Annie and Bob's story - adopting three sisters


Annie and Bob got the family they always wanted when they adopted three sisters. When serious illness struck, Annie 30 and Bob 31 were forced to halt the adoption process and reconsider their options. They decided to adopt three sisters and embrace family life full on.

We had been together for 13 years and married for three. Six months after we got married I was diagnosed with cancer. We were already half way through the adoption process, so we had to pause. It was terrible having to stop. I had a full hysterectomy. When we went back to the adoption process we decided to adopt siblings because we knew the chances of having our own children were zero.

During training one of the speakers had adopted three siblings and she said how hard it was but also how rewarding, because they’re never alone, they’ve always got each other.

Our social worker showed us the profiles of two girls aged three and two. There was nothing that was above and beyond what we could manage. They looked really sweet with big blue eyes.

We met their social worker and she told us their birth mum had just had a baby. Three girls! I thought, that sounds lovely and Bob said, ‘I’m not adopting three!’

But something kept drawing us back to the girls. We kept looking at their profiles and talking about them. We found out the next day their social worker was considering us as prospective parents. We could adopt the two girls and go through the Early Permanence Placement (EPP) route and foster to adopt the baby. We decided to do it; and then it all happened really quickly.

We first saw them in the foster carer’s window waving and shouting: ‘Mummy! Daddy!’ and I thought, oh my God! The foster carer came in with the baby who was tiny and handed her to me and said, ‘There you go mummy.’ I was in bits. It was so wonderful. The foster carer was fab: she’s still in our life now and we talk weekly and send her pictures. It’s a really lovely relationship.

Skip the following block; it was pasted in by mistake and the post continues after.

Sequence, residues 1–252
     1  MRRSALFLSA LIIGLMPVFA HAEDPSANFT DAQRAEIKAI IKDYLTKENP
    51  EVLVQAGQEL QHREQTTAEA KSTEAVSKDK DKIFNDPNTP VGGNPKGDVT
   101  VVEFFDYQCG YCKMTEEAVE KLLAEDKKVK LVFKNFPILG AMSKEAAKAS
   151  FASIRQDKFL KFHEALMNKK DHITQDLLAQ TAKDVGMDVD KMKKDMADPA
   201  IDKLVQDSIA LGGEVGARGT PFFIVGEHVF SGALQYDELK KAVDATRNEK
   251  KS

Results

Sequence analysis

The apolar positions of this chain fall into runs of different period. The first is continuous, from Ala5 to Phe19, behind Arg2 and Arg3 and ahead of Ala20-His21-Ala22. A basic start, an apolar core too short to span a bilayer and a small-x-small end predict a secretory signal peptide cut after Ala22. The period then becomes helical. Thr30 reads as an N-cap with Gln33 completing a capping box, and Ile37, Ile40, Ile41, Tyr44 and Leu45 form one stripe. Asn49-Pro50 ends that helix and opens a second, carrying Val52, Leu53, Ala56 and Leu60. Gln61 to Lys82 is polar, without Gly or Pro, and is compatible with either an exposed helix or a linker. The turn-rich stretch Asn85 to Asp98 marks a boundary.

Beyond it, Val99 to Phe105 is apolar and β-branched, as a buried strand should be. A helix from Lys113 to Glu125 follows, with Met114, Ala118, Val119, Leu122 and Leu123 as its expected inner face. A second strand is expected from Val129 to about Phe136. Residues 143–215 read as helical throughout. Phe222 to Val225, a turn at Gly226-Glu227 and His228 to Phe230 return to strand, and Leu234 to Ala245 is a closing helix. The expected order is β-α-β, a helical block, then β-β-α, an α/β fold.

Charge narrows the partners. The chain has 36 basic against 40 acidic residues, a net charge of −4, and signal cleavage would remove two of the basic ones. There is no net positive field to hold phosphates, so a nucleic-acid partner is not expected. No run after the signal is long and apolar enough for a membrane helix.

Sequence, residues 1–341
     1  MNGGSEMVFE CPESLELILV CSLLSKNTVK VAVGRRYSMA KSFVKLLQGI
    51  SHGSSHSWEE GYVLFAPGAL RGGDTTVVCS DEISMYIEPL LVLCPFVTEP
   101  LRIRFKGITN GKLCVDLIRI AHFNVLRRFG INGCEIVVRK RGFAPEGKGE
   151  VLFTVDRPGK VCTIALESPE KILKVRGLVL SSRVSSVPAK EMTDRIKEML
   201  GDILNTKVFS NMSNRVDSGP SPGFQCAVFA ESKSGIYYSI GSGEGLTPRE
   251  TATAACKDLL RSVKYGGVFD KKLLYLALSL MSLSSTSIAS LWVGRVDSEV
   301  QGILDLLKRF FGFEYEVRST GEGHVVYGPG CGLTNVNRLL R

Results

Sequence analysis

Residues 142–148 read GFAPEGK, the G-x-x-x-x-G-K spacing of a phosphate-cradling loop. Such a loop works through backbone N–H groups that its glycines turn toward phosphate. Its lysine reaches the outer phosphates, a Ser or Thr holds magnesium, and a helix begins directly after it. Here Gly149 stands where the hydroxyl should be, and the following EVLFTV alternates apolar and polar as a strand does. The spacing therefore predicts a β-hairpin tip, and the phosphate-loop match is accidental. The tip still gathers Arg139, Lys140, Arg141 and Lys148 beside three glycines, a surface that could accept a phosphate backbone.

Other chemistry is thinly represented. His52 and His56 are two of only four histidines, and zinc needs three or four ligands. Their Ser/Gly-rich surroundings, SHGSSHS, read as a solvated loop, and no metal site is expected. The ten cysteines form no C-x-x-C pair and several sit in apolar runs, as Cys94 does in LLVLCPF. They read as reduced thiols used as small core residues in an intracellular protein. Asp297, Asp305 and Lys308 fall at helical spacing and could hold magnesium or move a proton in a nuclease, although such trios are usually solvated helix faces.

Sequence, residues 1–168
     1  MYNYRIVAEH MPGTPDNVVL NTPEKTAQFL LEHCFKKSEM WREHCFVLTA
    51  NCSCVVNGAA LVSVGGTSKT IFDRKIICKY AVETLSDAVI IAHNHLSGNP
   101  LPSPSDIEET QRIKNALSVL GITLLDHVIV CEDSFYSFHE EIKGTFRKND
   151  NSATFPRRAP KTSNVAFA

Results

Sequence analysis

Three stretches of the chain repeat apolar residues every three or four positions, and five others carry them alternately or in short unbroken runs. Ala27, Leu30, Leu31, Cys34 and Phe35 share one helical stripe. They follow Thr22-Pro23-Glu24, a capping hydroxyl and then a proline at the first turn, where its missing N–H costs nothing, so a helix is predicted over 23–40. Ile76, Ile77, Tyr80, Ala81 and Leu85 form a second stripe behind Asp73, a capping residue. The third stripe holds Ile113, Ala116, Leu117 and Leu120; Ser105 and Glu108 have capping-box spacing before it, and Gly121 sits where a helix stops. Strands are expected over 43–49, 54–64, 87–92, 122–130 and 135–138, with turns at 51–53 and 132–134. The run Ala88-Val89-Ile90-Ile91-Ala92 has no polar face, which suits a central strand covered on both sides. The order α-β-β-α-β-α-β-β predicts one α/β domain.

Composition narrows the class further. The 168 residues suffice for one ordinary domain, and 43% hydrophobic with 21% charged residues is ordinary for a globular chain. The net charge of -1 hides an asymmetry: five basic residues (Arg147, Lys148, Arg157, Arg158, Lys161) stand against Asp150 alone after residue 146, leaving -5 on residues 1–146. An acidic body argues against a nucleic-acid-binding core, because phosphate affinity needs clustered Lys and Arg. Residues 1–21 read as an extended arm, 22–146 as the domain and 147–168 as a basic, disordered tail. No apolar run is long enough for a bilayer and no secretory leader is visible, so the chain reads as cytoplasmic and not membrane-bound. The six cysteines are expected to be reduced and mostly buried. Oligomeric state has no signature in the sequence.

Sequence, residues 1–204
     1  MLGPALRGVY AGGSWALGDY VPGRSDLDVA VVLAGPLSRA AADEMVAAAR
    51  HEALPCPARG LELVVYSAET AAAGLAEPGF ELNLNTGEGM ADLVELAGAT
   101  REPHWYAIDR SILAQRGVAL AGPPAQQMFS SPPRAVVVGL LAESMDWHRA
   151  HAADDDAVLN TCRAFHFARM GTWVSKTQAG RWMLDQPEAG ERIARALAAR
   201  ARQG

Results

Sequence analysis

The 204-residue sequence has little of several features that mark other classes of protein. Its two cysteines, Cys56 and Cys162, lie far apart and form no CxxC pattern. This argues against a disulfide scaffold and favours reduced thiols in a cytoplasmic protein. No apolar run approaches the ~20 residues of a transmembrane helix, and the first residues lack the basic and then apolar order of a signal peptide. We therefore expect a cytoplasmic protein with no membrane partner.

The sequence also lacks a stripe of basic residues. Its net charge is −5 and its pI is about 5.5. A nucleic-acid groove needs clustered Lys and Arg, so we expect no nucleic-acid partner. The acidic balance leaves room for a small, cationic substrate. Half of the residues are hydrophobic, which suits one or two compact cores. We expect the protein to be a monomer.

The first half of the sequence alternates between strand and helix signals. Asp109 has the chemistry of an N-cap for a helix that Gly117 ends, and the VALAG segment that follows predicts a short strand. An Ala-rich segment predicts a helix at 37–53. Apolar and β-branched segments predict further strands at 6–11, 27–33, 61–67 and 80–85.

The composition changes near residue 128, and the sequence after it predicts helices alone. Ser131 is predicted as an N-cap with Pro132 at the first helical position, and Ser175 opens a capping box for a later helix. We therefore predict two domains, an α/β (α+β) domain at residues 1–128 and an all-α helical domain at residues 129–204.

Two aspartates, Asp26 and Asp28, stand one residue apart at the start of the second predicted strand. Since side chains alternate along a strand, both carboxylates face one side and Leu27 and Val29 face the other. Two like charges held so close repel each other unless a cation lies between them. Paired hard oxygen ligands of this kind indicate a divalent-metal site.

That contact was really important to our oldest daughter, Rosie. She said to her foster carer, ‘I won’t let you go ‘til I know that they’re right.’

We didn’t have children of our own so it was a bit of a shock when they moved in. My husband was like a kid at Christmas. In the first two weeks they were all over him and saying, ‘Daddy, daddy, push me on the swing.’ That eventually settled down and we became a family with all the challenges that come with that. And the girls settled really quickly because they had each other.

The girls would have been devastated if they had been split up. Together is all they’ve ever known. They were adamant we weren’t taking the baby from them; they were so protective of her. It was so important for them that they all went together and were looked after and loved together.

They came to us aged two and three and could already dress themselves. The oldest one was changing nappies and initially we had a struggle about her being mum and me being mum, and that was quite difficult. She felt I was taking over. That’s changed now.

When the baby said ‘mummy’ for the first time I cried because she wasn’t told to call me mum by a foster carer or social worker. I was her mum. I was in absolute bits. Watching her grow, being a parent: it’s just amazing.

Now Kylie is at nursery and Rosie is at primary school and is absolutely thriving. All three go to gymnastics, swimming, dancing - all the clubs you can think of. They’re so active and loving life and we’ve got the family we always wanted. The best things happen every day: coming out of school, you’re the first person they want to tell things to. 

My advice to other parents is don’t force it. They love each other because that’s all they’ve ever known but it’s not about breaking them down or anything like that, it’s simply a catching on game. They will love you eventually.